Kenani, James M. (2004): The Impact of Donor and NGO Activities on Maize Seed and Fertilizer Markets and Food Security in Malawi.
Download (448Kb) | Preview
A study was carried out in Mitundu, Chiwamba and Chiponde EPAs to analyze the impact of donor and NGO activities on maize seed and fertilizer markets and food security in Malawi. Farmers, traders and officials were interviewed in both the production and trading activities. The study showed that the free input programme had negative impact on the commercial marketing of maize seed and fertilizer. There was reduced demand hence low volume of sales in wholesale and retail markets. It was further found that the study areas have few private traders in these agricultural inputs than soon after introduction of market liberalization. On the part of production the study results showed that there was positive impact on maize production due to use of fertilizer and improved maize varieties. This positive impact on yields was also related to farm size, and amount of fertilizer used. The study revealed that there was some disruption of retail market for fertilizers as normal supply channels were taken over by the project. Supplies of the maize seed already limited, were diverted from their usual retailers.
|Item Type:||MPRA Paper|
|Original Title:||The Impact of Donor and NGO Activities on Maize Seed and Fertilizer Markets and Food Security in Malawi.|
|English Title:||The Impact of Donor and NGO Activities on Maize Seed and Fertilizer Markets and Food Security in Malawi.|
|Keywords:||Malawi; NGO; Donors; Markets; Maize; Fertilizer|
|Subjects:||D - Microeconomics > D6 - Welfare Economics
D - Microeconomics > D3 - Distribution
D - Microeconomics > D4 - Market Structure and Pricing
|Depositing User:||James M Kenani|
|Date Deposited:||01. Jan 2011 20:32|
|Last Modified:||14. Feb 2013 03:43|
ACU. 2003. Malawi Newsletter Issue No 1, FAO Report (Unpublished).
Blackie, M. with Benson, T., Conroy, A., Gilbert, R., Kanyama-Phiri, G., Kumwenda, J. Mann, C., Mughogho, S., and Phiri, A. 1998. ‘Malawi: Soil Fertility Issues and Options, A discussion Paper Rockefeller Foundation: Study Commissioned by the Ministry of Finance.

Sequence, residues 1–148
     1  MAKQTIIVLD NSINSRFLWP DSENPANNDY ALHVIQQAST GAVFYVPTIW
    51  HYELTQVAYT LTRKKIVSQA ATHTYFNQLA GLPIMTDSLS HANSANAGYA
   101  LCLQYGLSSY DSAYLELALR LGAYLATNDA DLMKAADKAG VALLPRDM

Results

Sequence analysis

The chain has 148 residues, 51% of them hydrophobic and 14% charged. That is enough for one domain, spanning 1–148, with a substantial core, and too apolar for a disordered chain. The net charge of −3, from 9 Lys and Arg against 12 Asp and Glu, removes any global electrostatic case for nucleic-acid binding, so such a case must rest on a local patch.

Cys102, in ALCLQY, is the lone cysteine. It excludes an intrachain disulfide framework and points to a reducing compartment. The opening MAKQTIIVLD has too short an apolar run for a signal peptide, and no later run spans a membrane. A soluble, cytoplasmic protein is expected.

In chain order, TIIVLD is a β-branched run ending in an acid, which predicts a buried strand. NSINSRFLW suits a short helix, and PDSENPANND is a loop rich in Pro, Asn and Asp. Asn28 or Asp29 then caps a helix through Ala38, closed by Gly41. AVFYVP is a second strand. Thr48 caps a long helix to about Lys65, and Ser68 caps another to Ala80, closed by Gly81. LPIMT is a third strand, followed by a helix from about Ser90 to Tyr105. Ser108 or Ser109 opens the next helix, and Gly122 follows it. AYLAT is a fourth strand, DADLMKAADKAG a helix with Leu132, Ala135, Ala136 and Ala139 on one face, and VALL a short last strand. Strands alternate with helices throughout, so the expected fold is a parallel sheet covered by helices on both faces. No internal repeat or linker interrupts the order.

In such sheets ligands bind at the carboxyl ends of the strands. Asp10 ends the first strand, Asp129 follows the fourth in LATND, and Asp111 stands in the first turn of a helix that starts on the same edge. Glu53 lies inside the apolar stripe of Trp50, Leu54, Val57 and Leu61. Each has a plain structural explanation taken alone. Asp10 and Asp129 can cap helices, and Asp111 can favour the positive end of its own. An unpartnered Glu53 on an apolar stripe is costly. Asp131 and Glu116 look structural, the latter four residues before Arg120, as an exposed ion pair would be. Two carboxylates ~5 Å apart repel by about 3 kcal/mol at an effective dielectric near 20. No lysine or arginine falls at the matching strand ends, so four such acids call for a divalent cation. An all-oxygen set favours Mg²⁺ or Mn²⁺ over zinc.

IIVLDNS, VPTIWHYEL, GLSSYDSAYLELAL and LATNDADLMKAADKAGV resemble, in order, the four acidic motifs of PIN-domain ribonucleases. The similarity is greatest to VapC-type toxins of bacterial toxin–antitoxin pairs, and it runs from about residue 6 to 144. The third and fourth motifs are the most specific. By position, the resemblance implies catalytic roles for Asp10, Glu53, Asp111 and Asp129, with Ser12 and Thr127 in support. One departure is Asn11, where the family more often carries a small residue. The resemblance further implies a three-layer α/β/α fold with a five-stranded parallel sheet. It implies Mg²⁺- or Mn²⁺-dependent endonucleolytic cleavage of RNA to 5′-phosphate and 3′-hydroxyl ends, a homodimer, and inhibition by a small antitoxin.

Conroy, A.C.1993. The Economics of Smallholder Maize Production in Malawi with Reference the Degrees of PhD in the Faculty of Economics and Social Studies. Institute of Development Policy and Management.
FAO.1987. Evaluation of the Seed Improvement and Development Programme, Paper Presented to the 24th Conference Session , Rome. Kamchacha, D. B. 2003. Fertilizer Demand and Supply Situation in Malawi, a Resource Paper for the 1st Malawi Agri-Input Round Table Meeting, organized by IFDC- AIMS, Natural Resources College, Lilongwe. (Unpublished).
Kherallah, R. Minot, N. Kachule, Soule, B.G. and Berry, P. 2001. Impact of Agricultural Market Reforms on Smallholder Farmers in Benin and Malawi. GTZ. University of Hohenheim and Collaborating African Institutions.
Levy, S. 2003. 2002-02 Starter Packs and Hunger Crises. A briefing for policymakers on Food Security in Malawi. (Unpublished).
Longley, C. Coulter, J. and Thompson, R.1999. Malawi Rural Livelihoods Starter Pack Scheme, 1998-99; Evaluation Report. Odi, Portland House, Stag Place London SWIESDP.
Marsland, N. 1996 ‘farmers’ needs and the SIP: Implications for household food Security Strategies,’ in section 3, vol 1,pp.99-160 of Action Aid-Malawi (1997) ‘ Supplementary inputs programme 1995/96 agriculture season’ Malawi: Action Aid-Malawi.
MoA&I. 1999. Area-Specific Fertilizer Recommendations for hybrid maize grown by Smallholder Farmers in Malawi. Brochure prepared by Agricultural Communications Branch & Maize productivity Task Force.
Smale, M, Phiri, Chikafa, A, with combinations from P.W., Heisey, F., Mahatta, M.N.S, Msowoya, E.B.K., Mwanyongo, Sagawa, H.G. and Selemani, H.A.C. 1998. Institutional change and discontinuities in farmers’ use of hybrid maize seed and fertilizer in Malawi: findings from the 1996-97 CIMMYT/MoALD survey’. Economics working paper 98-01.Mexico, D.F.: CIMMYT UNDP. 1995. Human Development Reports 1995. Oxford University Press